Writing for Rights: Mau’men, 14, Syrian

Letter to the United Nations:

Most of the people are aware of the United Nations’ peacekeeping efforts and the humanitarian support to underdeveloped countries. However, it is not the case when it comes to the various ways that the UN directly affects our lives, all over the world.

After several years of the Syrian conflict, we find that the children are the most affected ones.

Despite the fact that the United Nations and its institutions operate daily and without interruption, collectively and individually for the protection of human rights, strengthening the protection of the environment, assisting the advancement of children’s rights, combating epidemics, famine and poverty, this is not enough.

After several years of the Syrian conflict, we find that the children are the most affected ones.

The bloody violence in Syria continues for the fourth year, and still a whole generation of Syrian children is suffering from the brutal atrocities. In neighbouring countries more than 1.2 million children are struggling to survive as refugees, having no security and a lot of social tensions and educational barriers; nevertheless, these children are determined to survive for the sake of themselves, their friends and families.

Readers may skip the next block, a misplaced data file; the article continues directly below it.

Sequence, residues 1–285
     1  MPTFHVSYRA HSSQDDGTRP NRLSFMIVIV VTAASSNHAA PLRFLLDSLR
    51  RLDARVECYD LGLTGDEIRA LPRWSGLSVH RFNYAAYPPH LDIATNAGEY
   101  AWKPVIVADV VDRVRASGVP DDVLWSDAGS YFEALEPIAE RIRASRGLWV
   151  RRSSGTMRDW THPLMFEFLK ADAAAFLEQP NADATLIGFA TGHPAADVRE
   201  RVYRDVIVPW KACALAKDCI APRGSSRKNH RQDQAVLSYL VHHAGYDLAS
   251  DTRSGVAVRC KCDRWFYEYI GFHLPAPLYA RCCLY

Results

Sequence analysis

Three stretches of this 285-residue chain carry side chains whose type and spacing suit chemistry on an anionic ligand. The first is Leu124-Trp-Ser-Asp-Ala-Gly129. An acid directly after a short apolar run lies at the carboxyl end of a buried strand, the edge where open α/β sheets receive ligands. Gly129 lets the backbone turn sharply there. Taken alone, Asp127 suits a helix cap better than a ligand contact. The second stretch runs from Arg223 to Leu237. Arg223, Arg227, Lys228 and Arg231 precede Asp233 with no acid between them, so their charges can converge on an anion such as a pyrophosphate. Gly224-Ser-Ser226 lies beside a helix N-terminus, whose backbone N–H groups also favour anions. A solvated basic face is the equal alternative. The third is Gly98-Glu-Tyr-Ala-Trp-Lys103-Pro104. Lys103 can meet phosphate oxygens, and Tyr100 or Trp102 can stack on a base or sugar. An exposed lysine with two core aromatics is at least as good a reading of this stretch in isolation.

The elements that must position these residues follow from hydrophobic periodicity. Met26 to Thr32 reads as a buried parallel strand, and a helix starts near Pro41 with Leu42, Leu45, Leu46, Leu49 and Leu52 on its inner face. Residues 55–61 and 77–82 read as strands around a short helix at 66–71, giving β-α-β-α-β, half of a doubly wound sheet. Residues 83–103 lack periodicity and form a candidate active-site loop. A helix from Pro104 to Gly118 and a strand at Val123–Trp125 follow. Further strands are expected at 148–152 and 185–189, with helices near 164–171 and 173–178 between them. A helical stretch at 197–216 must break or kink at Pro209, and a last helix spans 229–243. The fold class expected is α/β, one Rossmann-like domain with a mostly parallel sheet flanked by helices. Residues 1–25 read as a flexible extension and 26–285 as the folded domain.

The main reason that pushes children away from schools and education leading to child labour and begging is the need of their parents and their younger siblings for the money and school necessities. Also the racism by the society towards Syrian children has caused them psychological problems and made them introverts, destroyed their feelings and ruined their childhood. They were deprived of many of their rights, mainly the right to study and the right to play.

In the 25th anniversary of the Convention on the Rights of the Child, we the Syrian children ask the United Nations:

  • That the host countries provide legal assistance (facilities) for child refugees in these countries so they can move freely and assist them in securing basic needs including food, water, accommodation, education and employment opportunities
  • That the host communities treat child refugees better and accept us until this crisis will end
  • In the end, we hope that every child can enjoy the rights that were deprived from him or her and that we go back to our country safe [in order] to live a free and dignified life that enables us to build our future.

Yours, Mau’men, 14-years-old, Syrian 

Read Writing for Rights: Letters from the World’s Children